ChiaroscuroFine Art Photography

Chiaroscuro Is Enjoying a Renaissance

The technique – let’s call it “Rembrandt lighting” so you don’t have to struggle with the pronunciation as you read to yourself – dates back to Renaissance paintings. In these works, a directional light falls on the subject, creating deep shadows and bold contrast. 

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Centuries later, the impact of placing a single light source on the subject became a favorite technique of photographers, including Ansel Adams, Henri Cartier-Bresson, Yousuf Karsh and Horst.

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Photographers can produce chiaroscuro images using natural or artificial light, in low-key black and white or color. What is required is a dark background and bright side lighting. The softness of close lighting and the hardness of rich shadows can reveal textures and depth. What is obscured or not shown intrigues us.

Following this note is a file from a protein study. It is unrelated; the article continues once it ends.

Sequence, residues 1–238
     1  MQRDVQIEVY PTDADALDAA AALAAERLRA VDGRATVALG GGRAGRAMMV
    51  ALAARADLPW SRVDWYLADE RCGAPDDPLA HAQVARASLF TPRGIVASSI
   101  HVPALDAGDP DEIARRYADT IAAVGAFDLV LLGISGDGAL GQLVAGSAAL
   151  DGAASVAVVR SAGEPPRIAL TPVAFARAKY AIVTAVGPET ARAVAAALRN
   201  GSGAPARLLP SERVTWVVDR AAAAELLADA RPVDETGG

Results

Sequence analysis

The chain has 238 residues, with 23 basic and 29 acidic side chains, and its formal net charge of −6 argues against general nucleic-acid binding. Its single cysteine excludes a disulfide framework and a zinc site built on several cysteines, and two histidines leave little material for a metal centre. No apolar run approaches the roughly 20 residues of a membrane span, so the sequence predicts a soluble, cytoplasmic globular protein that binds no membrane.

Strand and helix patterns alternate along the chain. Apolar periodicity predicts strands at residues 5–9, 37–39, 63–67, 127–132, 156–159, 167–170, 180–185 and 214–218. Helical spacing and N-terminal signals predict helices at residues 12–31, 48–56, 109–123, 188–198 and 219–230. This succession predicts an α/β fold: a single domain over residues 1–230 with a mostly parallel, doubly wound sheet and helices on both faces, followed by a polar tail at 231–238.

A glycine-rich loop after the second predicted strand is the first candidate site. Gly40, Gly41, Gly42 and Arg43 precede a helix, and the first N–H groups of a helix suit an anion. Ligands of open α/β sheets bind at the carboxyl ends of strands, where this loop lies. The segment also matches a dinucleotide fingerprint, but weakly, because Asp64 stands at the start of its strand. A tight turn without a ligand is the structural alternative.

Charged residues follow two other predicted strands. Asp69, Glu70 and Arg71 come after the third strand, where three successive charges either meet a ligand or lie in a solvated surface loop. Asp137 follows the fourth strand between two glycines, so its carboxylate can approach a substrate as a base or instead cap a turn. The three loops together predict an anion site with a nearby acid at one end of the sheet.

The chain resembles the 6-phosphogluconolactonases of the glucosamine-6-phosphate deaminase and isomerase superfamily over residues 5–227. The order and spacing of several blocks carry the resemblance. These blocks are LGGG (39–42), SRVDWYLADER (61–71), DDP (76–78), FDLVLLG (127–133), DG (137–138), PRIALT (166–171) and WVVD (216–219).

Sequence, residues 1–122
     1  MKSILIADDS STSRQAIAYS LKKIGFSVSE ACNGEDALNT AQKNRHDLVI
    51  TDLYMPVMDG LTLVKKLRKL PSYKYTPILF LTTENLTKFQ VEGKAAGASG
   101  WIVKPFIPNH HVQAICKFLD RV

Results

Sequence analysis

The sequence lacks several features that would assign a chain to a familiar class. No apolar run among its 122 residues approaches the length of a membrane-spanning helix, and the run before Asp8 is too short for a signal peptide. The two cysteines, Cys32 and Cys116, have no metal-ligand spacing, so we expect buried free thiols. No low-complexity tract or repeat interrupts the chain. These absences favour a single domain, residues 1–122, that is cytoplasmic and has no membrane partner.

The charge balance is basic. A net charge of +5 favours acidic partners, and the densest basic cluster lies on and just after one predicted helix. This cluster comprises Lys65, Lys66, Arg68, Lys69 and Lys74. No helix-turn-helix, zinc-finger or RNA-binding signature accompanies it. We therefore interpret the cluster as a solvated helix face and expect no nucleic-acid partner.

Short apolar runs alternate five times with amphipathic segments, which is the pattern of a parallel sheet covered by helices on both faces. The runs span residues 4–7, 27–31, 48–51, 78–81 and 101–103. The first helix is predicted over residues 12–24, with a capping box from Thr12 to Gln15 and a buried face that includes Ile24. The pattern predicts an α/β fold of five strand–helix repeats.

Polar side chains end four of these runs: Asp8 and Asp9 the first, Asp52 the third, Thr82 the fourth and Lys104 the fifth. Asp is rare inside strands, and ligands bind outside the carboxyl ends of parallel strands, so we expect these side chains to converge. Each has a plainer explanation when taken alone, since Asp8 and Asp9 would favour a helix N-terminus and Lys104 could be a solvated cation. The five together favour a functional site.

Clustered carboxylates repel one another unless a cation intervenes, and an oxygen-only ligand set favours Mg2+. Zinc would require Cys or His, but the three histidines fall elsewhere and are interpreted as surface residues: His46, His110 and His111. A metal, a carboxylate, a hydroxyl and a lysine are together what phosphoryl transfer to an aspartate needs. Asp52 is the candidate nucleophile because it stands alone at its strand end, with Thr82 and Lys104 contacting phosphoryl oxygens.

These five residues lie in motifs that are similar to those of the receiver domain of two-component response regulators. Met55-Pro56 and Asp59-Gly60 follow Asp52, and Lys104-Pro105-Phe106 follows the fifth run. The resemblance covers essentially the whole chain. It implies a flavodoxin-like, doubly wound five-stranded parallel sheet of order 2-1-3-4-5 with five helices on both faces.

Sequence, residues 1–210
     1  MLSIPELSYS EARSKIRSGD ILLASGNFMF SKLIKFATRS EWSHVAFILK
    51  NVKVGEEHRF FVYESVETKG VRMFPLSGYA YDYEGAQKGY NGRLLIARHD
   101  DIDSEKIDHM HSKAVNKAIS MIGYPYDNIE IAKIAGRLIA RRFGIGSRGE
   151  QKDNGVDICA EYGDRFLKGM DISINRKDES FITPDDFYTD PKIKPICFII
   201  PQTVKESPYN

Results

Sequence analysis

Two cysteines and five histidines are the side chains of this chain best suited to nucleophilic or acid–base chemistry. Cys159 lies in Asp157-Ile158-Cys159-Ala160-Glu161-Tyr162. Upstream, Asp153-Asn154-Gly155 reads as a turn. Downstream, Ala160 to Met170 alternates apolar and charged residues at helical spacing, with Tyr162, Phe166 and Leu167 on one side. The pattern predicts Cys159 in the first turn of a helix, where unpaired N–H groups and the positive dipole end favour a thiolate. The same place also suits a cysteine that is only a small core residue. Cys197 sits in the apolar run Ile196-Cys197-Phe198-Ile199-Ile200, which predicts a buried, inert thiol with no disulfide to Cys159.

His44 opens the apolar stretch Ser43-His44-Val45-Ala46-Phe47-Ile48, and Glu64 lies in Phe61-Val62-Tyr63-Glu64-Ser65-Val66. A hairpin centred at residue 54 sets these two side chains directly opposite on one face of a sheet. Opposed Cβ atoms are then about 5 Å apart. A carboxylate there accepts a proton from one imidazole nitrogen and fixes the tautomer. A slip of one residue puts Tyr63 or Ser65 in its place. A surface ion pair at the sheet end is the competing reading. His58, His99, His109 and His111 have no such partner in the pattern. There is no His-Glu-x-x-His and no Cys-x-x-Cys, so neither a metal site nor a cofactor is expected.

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You could think of chiaroscuro as the “film noir” of photography. Cinematographer Gregg Toland was a pioneer in defining the signature, smoky look of the classics from the ‘30s and ‘40s, with dramatic shadow patterns and harsh contrast between dark and light.

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Today, this moody and mysterious style lends itself to portraits, still lives, professional food photography and fashion campaigns by high-end design houses such as Prada, 2017.

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Tom Sheeter
Tom Sheeter is a Los Angeles based writer and Account Manager at Superstock. He specializes in film and tv licensing and clearance issues.

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